Palm Sunday marks the start of Holy week. This year will be very different for us all as we will not be able to gather together in love, worship and fellowship in any of the six churches in the Benefice. We find ourselves in an unprecedented, very difficult and previously unthinkable situation. I have been reliably informed the last time churches were closed was in the 14th century.
We have gone from travelling through the season of Lent together and preparing ourselves for Holy Week to suddenly hitting a barrier that has stopped us physically coming together as the body of Christ the church. Our world has suddenly been turned upside down.
We have two gospel readings today Matthew 21: 1-11, in this Jesus triumphantly enters into Jerusalem on Palm Sunday. The second Gospel reading, Matthew 26: 14 to 27:54, is the liturgy of the passion, from Jesus’ betrayal to his crucifixion and death. Both these readings show us how His disciples’ lives were also turned upside down. From the high of their accompanying the Messiah on His triumphant entrance into Jerusalem on Palm Sunday, to the very lowest point when they fled, hiding from and abandoning God in the form of the son, Jesus Christ.
The situation we find ourselves in is extremely unsettling, to be locked out of our own church buildings. However, we need to continue to travel through Holy week as the Body of Christ the Church, even though we cannot physically do this together. We can be with the whole of the Church of England by accessing their very good resources on the Church of England website. https://www.churchofengland.org/ which I encourage you to use if you are able. We can also engage with the services on television and radio.
Furthermore, as a Benefice we can travel together by saying morning daily prayer at 9.15 every day, and/or compline at 7 pm.
Read the gospel reading for each day, starting with the two Palm Sunday readings today:
Monday – John 12: 1-11
Tuesday – John 12: 20 -36
Weds – John 13 : 21-32
Maundy Thursday – John 13 : 1-17. 31-35
Good Friday – John 18 and 19.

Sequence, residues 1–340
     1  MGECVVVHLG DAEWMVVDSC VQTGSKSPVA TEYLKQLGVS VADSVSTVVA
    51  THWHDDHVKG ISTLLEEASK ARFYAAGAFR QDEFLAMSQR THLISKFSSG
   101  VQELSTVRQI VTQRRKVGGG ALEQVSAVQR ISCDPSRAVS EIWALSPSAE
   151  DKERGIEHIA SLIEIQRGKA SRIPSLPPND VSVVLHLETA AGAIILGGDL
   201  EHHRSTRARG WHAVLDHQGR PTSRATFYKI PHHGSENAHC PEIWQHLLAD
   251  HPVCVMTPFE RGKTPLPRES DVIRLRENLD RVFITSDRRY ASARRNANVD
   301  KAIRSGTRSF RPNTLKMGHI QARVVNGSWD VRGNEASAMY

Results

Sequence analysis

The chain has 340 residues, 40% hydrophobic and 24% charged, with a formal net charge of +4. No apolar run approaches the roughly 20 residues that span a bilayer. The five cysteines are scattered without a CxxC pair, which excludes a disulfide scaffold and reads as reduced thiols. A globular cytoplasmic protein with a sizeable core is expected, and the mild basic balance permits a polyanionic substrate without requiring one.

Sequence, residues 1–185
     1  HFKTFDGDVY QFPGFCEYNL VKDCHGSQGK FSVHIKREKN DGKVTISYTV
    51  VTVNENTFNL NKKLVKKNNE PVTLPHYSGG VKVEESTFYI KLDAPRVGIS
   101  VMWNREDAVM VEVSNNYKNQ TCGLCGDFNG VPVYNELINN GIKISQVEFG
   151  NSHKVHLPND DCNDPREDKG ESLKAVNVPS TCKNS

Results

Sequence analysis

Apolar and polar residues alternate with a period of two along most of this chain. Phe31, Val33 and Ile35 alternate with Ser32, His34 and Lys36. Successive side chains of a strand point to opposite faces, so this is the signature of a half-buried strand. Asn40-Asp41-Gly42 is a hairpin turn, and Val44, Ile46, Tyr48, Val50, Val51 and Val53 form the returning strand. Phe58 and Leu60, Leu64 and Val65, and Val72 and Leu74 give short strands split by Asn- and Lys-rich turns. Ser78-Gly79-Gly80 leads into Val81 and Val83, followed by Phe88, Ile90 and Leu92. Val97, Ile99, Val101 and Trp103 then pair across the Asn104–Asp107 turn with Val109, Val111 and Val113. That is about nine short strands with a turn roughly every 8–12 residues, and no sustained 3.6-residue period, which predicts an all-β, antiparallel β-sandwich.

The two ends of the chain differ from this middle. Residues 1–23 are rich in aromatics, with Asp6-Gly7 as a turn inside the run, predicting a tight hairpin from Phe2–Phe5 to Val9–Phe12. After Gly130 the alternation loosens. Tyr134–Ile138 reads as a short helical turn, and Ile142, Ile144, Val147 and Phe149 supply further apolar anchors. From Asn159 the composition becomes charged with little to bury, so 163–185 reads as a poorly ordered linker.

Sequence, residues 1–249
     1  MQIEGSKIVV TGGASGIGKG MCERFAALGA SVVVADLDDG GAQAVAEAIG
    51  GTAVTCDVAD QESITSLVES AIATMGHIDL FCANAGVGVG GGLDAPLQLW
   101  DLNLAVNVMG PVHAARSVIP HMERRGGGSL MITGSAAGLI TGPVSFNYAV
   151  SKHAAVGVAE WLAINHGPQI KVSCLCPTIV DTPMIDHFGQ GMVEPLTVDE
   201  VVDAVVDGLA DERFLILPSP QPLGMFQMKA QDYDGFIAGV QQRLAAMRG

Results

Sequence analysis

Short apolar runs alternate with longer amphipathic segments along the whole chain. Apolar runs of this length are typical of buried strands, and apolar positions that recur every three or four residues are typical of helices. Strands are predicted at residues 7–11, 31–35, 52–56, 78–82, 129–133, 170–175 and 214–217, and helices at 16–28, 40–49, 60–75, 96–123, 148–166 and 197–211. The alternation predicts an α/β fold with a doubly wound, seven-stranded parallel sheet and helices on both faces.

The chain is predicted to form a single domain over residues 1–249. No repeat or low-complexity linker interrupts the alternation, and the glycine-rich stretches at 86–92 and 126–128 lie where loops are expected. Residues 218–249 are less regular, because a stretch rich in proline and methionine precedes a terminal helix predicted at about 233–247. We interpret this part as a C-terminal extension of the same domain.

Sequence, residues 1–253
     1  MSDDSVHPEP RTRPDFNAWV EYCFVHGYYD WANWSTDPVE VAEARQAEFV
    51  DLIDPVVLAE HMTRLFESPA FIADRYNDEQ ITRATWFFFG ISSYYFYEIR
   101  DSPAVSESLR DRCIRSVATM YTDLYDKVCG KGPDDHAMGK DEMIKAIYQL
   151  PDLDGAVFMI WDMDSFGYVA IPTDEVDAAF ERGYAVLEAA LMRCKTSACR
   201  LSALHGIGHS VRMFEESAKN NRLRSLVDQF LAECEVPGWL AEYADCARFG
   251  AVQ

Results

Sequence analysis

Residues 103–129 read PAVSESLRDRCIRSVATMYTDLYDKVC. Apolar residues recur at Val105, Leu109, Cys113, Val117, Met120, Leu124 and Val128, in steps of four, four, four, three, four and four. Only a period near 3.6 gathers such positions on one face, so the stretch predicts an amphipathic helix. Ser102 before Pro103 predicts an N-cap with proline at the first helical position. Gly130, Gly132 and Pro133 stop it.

Saturday, Easter eve – Matthew 28 : 1-10
As this physical isolation has been forced upon us, it is perhaps a good time to take stock and reflect on our discipleship and the way we serve God.
In his book 'Christianity Rediscovered', Vincent Donovan says that we make the mistake, as Christians, of thinking we are taking God with us into any given situation. God is already there. Our job is to find out what God is doing and join God in that conversation.
During Holy week it is a good time to listen. To be open to the Holy Spirit and listen to what it might be saying to us and to be aware of its presence in all that we do.
I found this vow by the Carmelite order, and thought it might be of value in this present time;
Let each stay in or near their own cell, meditating, day and night on the law of the Lord, and be vigilant in prayer, unless otherwise employed by the Holy Spirit.
Travel safely through this Holy Week, always remembering that your fellow Christians and God travel with you.
The Church continues to be alive and active, but our buildings must close
Following the Prime Minister’s announcement of new government instructions on Monday evening, I am sorry to say that the Archbishop has instructed that all churches are now to remain closed. Therefore, as well as public worship being suspended, ours and all church buildings in the Church of England are now closed.
This is a very sad step, but one which is vital for the safety and wellbeing of us all. We look forward to being able to open our doors again once restrictions have been lifted.
Our worship of God and our care for each other continue but cannot be done in our church buildings.
Please remember that we are here for you. If you have any concerns, wish to talk, or would like someone to pray with you, please feel free to call me (01305 262477) or email - firstname.lastname@example.org
or contact Pene Kennedy (01305 251422) – email@example.com
While our churches are closed, you might like to set aside a time or a place in your home for prayer and reflection. On the Pew News, (which will be emailed weekly Saturdays to everyone on the church Electoral Roll ), there will be a simple format for Morning Prayer. It is a daily office from the Northumbria Community, and I encourage all of us to join in with it. We shall be saying it at 9.15 every morning, but you can of course say it whenever you like.
Alternatively, you might like to access daily internet prayer resources, such as the Scripture Union’s website www.wordlive.org
Please be assured that our thoughts and prayers are with you and all in the community.
“Love the Lord your God with all your heart and with all your soul and with all your mind and with all your strength . . . Love your neighbour as yourself. There is no commandment greater than these.”
May the peace of the Lord be with you
Revd Mark Phillips